So I was an angry teenager. Angry and resentful. Still pitifully immature and naive and in slavish love with my family. But I was also filled with contempt for the physical and emotional abuse that was part of my day to day life.

Fast forward to now, and it’s taken years, many years, to have the courage to embrace my anger and use it seek estrangement from my birth family. In fact it’s taken 45 years, to stop forcing myself to forgive them.

It’s taken 45 years to realize that my mental health would never recover if I kept allowing myself to be manipulated and guilt tripped and forced into taking responsibility for people who don’t love me or my own little family I’ve created. We were just a useful resource to be exploited.

And as I write this down I realize that my sadness is less. My anger is less. I feel calmer. I feel unburdened. I feel a beautiful closeness to my husband and children. I am finding myself again. I’m rebuilding my career.

I still miss them. I still wonder about them. I still look at photos and remember happy memories because there were happy ones too. I wish good things for them.

I still feel betrayed and tricked. Incredulous at the lies. Shocked at the cowardice. Confused that they aren’t capable of remorse or regret. Pride is worth more to them than the apology and acceptance I’ve searched for my whole life.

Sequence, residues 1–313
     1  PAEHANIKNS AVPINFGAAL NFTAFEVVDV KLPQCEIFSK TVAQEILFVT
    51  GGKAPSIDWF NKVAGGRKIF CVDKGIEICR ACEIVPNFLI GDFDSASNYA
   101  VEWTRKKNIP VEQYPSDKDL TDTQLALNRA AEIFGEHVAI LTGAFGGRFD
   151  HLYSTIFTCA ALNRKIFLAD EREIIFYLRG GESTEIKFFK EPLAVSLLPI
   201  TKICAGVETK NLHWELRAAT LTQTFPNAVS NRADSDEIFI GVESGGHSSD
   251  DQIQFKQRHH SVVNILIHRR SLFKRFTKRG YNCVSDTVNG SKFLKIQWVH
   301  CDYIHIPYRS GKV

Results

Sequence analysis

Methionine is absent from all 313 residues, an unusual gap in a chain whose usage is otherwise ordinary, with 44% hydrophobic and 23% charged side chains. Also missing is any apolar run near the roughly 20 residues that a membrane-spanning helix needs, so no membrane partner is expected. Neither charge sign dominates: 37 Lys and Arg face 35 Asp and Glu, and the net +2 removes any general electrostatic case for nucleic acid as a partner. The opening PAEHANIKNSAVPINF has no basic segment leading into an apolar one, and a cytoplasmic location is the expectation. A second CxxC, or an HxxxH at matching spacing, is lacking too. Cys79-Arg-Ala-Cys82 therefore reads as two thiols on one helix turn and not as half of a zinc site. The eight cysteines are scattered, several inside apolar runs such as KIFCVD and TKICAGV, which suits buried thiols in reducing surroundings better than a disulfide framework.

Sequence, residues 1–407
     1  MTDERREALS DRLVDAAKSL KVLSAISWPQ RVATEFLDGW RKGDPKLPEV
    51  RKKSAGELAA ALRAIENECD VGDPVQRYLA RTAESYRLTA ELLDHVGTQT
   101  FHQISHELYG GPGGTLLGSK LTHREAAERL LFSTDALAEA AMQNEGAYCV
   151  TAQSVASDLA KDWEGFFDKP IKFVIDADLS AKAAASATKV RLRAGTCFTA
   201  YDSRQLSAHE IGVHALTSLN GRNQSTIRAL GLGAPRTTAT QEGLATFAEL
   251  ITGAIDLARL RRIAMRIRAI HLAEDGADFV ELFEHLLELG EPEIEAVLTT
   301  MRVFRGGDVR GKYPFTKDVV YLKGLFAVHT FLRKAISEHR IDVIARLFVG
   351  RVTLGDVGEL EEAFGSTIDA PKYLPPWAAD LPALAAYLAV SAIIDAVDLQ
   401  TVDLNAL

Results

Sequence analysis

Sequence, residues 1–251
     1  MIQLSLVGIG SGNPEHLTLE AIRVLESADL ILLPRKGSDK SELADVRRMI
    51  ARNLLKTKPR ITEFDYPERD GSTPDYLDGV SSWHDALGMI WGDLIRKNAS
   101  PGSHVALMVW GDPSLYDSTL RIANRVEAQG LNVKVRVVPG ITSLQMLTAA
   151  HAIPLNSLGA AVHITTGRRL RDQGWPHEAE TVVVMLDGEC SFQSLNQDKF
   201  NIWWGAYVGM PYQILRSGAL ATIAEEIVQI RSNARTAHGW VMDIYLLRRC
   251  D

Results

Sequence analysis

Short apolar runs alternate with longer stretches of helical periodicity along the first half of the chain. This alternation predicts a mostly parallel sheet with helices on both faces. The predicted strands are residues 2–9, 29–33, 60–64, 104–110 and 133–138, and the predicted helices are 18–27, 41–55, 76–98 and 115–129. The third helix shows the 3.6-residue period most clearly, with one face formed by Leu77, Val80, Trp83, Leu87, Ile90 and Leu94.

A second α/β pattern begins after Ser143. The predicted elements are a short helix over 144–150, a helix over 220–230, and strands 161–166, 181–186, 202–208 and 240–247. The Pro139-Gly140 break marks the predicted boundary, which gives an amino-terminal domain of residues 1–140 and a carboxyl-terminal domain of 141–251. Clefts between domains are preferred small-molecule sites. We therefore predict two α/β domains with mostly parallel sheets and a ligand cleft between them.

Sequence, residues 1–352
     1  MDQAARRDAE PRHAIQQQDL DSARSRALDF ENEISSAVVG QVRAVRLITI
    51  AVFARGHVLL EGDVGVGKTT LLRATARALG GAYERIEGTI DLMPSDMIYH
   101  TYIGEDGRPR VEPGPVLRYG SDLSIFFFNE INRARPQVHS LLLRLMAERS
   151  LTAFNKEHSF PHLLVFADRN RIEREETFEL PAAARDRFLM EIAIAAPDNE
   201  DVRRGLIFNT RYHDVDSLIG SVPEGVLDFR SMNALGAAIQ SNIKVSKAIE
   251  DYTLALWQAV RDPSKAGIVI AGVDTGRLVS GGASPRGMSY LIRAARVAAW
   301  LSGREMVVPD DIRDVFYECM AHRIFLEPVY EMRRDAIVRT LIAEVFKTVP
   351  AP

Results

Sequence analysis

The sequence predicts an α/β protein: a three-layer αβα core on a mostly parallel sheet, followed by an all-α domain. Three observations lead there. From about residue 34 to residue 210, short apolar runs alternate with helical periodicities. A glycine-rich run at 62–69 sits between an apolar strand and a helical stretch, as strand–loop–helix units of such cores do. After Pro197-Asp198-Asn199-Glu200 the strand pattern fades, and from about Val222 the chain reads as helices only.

And this is all ok. There is room in my heart and my head for all these emotions. They all have a part to play in my recovery.

As human beings, we tend to find other people’s negative emotions difficult to deal with. Tears, anger, the deep sadness of depression…they freak people out. Even the people who love us the most can struggle to deal with our darkness.

I’m sure you’ve all said (or been told) at one time or another ‘stop crying’ ‘don’t be angry’. And it’s usually done in a well meaning way isn’t it? But maybe those tears are the key to overcoming grief. Maybe the anger is the trigger for that person to make positive changes in their life.

So when I spoke to my psychologist today and he asked how I’ve been using my positive energy, I told him about the photos I’ve taken, the job interviews I’ve had, the new course I’ve just run. I told him how happy the boys were at Christmas and about the beautiful cards they made for my birthday. I told him how close I feel to my husband because we are such a good team and we laugh a lot more these days.

But I also told him about Riley, about ‘Inside Out’. I told him how Sadness saved the day and how all my emotions have a role to play to ensure I achieve good mental health. And he agreed with me.

So if you haven’t watched the movie, please do. It speaks to all humans and is especially important if you are raising children. Plus its colorful, funny, sad, happy, visually stunning and wonderfully original!

Lizzy Van Tromp